Pizza Oatmeal

Oats are underrated, under-appreciated, and under-utilized. I will not stand for such injustice! Oatmeal has been relegated to breakfast bowls everywhere, topped with sweet granola or paired with bananas, but it holds so much more potential beyond just being a blank canvas for apple-cinnamon or maple syrup. 

It can also be transformed into savory porridge—and one so reminiscent of pizza, it'll make you rethink what "oatmeal" can be. The first time I made it, its creamy consistency and ability to marry together all the flavors I threw into the pot made me think that it was a "poor man's risotto." But when I caught myself eating down the whole pot—that yields 4 very hearty servings, by the way—I realized that this, this was better than risotto.

For one, it's much less finicky. You should be stirring the pot pretty consistently to make sure there's no oaty lumps sticking to the bottom of the pot and burning, but you don't have to baby it and feel like adding an extra cup of water might ruin the whole batch. That's the beauty of oatmeal—it only gets better with more cooking time, and you can adjust the water level as you see fit. If you want it thicker but added too much water at the beginning, just keep cooking and let the moisture evaporate until the oats are less soupy. Loosen it as needed with more water to get the consistency that you desire.

This is a no-fuss recipe that you can mess around with as you'd like. I made it spicy but you can skip that. I use sambal oelek for super-fresh super-spice, but you can also substitute Sriracha in a pinch. I call for Italian seasoning here to keep it classically "pizza," but I've also used steak seasoning and a citrus-herb seasoning mix on other occasions and those came out delicious as well. You’re an adult now, you can do whatever you’d like, and I will not judge you for being your most creative self.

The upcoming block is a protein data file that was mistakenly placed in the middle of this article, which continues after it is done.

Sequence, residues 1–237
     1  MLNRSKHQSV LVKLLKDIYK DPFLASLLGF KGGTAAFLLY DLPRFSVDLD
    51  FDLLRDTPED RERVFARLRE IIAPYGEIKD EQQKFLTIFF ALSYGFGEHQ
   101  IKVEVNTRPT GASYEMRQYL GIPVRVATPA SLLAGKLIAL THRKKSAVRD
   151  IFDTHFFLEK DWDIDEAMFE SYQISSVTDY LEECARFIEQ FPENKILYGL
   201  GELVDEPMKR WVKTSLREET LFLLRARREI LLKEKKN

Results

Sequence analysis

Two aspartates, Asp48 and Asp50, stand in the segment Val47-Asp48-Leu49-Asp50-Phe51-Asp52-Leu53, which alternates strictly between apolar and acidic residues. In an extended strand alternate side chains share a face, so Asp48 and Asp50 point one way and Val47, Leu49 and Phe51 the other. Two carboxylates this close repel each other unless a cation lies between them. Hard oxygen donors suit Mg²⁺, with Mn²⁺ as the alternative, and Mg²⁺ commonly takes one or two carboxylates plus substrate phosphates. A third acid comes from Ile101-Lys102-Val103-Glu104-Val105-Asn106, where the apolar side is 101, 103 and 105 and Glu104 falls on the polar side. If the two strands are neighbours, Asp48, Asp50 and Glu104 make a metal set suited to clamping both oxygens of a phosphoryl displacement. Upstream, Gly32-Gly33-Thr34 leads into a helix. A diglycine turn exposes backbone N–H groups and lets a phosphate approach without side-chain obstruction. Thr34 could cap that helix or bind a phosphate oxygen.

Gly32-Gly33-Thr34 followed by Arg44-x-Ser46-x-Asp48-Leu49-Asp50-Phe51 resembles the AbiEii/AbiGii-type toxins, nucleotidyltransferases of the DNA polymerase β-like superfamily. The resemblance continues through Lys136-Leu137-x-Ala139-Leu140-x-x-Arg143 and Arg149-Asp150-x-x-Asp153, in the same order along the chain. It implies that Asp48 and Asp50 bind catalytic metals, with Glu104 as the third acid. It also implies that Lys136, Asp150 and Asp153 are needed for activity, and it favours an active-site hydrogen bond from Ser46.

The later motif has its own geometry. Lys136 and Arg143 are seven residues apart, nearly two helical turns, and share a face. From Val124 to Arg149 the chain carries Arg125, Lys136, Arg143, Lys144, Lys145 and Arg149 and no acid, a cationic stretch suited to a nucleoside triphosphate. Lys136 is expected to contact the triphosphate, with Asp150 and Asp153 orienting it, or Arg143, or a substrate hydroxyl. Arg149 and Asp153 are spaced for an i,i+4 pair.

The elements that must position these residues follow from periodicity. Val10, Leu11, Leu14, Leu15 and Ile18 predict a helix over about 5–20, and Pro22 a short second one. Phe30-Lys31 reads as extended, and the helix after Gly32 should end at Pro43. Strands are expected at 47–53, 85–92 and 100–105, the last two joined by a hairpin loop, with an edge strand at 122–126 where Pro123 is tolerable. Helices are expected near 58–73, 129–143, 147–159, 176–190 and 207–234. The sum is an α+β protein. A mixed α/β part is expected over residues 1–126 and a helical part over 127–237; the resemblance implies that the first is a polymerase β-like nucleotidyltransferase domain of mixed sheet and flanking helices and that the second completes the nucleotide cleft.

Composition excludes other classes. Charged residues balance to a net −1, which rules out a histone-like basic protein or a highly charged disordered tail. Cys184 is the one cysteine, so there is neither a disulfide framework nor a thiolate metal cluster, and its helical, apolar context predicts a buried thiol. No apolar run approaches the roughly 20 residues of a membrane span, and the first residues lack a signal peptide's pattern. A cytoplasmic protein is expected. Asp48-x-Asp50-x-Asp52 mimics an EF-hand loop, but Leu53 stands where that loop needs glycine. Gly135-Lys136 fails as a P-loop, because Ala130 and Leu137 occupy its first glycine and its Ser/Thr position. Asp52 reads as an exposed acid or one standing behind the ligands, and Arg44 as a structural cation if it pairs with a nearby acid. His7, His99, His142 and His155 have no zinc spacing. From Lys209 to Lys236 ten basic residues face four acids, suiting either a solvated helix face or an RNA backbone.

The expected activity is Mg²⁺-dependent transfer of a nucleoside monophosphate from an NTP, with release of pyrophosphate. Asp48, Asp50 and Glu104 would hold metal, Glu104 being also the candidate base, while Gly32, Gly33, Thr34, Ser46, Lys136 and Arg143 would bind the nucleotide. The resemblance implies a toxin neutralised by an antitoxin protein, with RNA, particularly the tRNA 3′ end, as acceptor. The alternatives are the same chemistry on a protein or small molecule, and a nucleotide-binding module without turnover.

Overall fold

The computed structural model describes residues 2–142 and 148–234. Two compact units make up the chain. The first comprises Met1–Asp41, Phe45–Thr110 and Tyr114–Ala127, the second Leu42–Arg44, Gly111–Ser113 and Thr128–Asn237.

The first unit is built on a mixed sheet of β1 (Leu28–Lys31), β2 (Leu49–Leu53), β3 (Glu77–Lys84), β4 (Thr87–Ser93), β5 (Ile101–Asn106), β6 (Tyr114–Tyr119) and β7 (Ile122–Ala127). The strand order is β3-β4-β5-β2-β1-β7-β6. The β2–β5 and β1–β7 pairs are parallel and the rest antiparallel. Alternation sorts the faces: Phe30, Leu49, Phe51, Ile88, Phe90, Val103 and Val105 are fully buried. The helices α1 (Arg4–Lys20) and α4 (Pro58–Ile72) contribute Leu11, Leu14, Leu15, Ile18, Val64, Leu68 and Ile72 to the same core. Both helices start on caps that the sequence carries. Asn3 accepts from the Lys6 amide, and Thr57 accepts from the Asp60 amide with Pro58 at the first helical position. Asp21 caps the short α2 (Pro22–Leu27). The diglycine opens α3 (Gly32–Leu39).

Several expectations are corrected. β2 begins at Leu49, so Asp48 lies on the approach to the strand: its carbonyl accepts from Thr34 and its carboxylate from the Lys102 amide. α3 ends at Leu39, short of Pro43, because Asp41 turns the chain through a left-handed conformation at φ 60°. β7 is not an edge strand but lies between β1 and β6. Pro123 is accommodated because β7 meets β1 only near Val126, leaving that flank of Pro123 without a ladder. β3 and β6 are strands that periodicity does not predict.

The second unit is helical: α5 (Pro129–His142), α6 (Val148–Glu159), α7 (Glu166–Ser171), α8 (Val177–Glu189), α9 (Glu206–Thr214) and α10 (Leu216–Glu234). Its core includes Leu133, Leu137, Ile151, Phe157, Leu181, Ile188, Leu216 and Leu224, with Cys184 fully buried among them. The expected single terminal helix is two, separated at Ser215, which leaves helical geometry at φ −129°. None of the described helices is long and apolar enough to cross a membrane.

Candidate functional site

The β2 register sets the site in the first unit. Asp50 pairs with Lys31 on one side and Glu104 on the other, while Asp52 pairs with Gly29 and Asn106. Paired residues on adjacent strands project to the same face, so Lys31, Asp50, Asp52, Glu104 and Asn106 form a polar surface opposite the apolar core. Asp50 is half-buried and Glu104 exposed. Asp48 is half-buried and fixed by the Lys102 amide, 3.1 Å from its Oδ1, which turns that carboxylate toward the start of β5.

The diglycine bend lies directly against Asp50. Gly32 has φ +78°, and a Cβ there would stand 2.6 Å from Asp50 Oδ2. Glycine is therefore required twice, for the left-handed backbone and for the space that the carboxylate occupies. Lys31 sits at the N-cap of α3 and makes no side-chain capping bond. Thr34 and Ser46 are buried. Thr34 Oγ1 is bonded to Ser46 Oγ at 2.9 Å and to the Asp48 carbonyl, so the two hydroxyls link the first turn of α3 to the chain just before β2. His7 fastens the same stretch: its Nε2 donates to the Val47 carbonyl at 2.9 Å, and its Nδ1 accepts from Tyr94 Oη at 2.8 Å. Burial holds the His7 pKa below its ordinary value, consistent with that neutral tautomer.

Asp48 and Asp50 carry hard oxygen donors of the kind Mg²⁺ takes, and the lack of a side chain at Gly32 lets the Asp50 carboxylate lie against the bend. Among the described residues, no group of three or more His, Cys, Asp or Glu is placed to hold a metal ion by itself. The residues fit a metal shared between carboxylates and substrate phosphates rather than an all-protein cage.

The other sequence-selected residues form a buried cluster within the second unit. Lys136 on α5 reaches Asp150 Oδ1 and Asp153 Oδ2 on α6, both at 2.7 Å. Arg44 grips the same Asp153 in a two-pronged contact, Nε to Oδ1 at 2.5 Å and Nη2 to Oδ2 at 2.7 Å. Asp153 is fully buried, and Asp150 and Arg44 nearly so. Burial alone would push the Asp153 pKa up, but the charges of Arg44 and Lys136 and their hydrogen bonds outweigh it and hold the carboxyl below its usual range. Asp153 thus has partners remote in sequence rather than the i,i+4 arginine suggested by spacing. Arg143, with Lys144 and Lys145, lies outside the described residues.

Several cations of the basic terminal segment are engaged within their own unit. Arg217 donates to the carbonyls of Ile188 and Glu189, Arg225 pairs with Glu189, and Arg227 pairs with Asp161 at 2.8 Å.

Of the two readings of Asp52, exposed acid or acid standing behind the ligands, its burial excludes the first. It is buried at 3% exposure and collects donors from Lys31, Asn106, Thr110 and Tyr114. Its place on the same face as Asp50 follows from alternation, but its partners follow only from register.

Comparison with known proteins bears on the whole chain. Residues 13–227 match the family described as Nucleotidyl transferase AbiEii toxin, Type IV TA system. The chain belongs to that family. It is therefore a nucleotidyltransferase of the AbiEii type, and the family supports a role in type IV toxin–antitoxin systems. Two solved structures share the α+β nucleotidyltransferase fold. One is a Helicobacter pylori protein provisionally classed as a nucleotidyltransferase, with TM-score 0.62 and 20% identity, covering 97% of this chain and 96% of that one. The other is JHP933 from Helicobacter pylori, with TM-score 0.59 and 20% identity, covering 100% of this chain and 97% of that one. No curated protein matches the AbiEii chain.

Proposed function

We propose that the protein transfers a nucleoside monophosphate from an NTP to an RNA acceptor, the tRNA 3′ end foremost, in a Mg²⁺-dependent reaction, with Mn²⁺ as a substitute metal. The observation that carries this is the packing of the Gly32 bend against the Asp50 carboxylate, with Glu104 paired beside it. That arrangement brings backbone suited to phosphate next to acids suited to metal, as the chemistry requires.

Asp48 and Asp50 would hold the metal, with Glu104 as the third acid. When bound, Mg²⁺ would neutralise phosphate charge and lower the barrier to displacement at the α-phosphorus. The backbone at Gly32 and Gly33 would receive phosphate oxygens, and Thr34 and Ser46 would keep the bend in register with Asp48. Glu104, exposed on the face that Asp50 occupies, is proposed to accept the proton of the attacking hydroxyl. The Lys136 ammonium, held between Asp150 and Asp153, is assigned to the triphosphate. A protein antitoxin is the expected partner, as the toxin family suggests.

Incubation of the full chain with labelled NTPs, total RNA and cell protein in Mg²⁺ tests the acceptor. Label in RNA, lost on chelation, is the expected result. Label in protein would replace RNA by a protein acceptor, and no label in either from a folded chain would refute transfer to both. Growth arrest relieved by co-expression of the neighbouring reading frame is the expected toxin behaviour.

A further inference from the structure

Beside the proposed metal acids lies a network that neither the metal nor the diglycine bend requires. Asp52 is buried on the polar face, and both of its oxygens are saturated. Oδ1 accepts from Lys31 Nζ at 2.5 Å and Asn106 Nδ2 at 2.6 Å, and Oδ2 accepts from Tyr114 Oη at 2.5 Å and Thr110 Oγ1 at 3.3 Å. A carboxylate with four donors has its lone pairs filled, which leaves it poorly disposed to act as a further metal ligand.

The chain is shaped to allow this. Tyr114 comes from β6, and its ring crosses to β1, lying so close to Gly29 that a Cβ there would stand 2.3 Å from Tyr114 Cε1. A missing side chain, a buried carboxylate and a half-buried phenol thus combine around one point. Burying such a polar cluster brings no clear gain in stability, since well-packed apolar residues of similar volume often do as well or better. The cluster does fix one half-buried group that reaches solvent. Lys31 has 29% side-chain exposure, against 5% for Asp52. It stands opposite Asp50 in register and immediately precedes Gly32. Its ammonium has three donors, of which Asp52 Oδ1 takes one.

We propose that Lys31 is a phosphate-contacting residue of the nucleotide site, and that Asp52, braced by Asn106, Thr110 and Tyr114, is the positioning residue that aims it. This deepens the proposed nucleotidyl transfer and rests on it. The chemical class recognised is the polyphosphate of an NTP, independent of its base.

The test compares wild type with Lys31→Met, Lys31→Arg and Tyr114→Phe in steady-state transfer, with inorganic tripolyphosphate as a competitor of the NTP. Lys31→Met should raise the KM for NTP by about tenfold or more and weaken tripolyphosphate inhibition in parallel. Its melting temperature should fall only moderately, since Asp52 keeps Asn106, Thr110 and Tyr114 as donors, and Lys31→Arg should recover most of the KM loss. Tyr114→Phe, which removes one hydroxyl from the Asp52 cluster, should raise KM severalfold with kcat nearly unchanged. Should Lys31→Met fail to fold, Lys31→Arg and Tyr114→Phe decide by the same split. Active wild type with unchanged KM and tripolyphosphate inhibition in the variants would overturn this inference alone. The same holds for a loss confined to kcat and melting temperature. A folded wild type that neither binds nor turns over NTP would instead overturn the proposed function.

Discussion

I use two different kinds of oats for a texture play, but if you only have quick-cooking, you'll have a creamier result; if you only have old-fashioned, each bite will have more chew. If you want to keep things vegan, skip the cheese. If you want to make it meatier, add some slices of pepperoni or crumble some cooked bacon on top or slip it into the simmering process. For more flavor, swap out the water for vegetable or chicken broth. Whatever will make you happiest will make me happy too.

Drop us a comment down below to let us know how you liked (or hated!) this—and share your fun oatmeal ideas while you're there too! If you love the easiest dinners imaginable, check out these Chinese-style stir-fried tomatoes and eggs.

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Yields: 4 - 6 servings
Prep Time: 0 hours 10 mins
Total Time: 0 hours 30 mins
Ingredients
2 tbsp.

extra-virgin olive oil, plus more for serving

1

yellow onion, diced 

4

cloves garlic, sliced

1 c.

quick-cooking oats

1 c.

old-fashioned oats

1

(28-oz.) can peeled tomatoes

1 tsp.

sambal oelek

1 tbsp.

gochugaru powder

1/2 tsp.

freshly ground black pepper

1 tsp.

Italian seasoning

1 tsp.

kosher salt

1 tbsp.

granulated sugar

4 c.

water

Shredded mozzarella, for topping

Freshly grated Parmesan, for topping 

Fresh basil, for serving

Directions
  1. In a large pot over medium heat, heat oil. Add onion and garlic and stir until fragrant and onion turns lightly golden, 4 to 5 minutes. Add oats and stir constantly until toasty, about 3 minutes.
  2. Add tomatoes, sambal, gochugaru, pepper, Italian seasoning, salt, and sugar and stir until well combined. Use a wooden spoon to break up tomatoes into bite-sized chunks. Stir in water and bring to a simmer.
  3. Reduce heat to medium-low and cook until thickened and creamy, stirring occasionally to prevent sticking and burning on the bottom of the pot, 10 to 12 minutes. 
  4. Top with desired cheeses while hot and garnish with more olive oil and basil before serving.

Using a combination of quick-cooking oats and old-fashioned oats will give you more textural intrigue—but you can use only one kind if that's what you have on hand!

June Xie
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